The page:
Almost every day I get an e-mail from someone that says something along these lines: Why doesn't GM build better quality cars?
I regularly tell the person sending the message that GMhas made huge strides in quality, the latest models have interiors every bit as good as the competition, and even independent firms like Consumer Reports and J.D. Power give GM vehicles higher marks. This often leads to an e-mail reply saying I'm full of ¤!&€!, making up lies, or that I'm on the take to promote GM because it advertises on NBC. Welcome to my own private "Groundhog Day."
So when I saw that GM has started a web site called "Facts And Fiction"to take on questions/rumors/mis-interpretations about the company or its vehicles I found it intriguing. Here is an automaker trying to reach buyers and owners to close the perception gap surrounding the brands. If GM is ever going to stop its slide, it has to not only build better vehicles but also convince the public they are better.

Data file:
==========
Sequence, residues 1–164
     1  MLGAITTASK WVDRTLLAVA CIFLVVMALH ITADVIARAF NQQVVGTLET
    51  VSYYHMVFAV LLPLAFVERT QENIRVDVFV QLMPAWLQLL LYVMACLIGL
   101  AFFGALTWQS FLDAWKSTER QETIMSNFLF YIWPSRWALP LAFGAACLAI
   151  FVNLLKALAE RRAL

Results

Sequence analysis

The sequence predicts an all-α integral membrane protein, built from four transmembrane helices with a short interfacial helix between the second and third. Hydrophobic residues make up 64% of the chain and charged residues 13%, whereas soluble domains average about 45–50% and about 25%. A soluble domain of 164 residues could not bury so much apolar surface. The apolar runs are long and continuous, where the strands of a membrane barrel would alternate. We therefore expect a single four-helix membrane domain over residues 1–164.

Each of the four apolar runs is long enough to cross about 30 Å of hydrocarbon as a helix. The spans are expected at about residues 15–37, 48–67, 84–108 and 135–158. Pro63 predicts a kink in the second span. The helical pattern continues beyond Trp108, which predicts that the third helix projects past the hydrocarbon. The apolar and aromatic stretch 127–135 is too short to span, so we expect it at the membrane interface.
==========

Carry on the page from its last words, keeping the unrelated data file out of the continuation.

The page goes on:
The web site is a nice start, but GM needs more. What buyers crave is the kind of blunt comments and honesty from executives that tells the world, "Yes, you're right, we can do better." Bob Lutz is a perfect example. In our documentary, "Saving GM" Lutz said straight up on camera that GM dropped the ball a few years back when it comes to quality.
Every time that documentary airs on CNBC I get tons of e-mails from people saying, "Thank god someone in that company gets it." Many of those people go on to say they would be more willing to consider a Chevy, Cadillac, etc. knowing someone like Lutz is standing up and saying, "We ARE better and ready to go toe to toe with any other automaker."
"Fact or Fiction" is a nice start in changing perceptions, but if GM really wants the web site to work in winning over the public, it has to dish out the honest, and sometimes painful, truth about the automaker.
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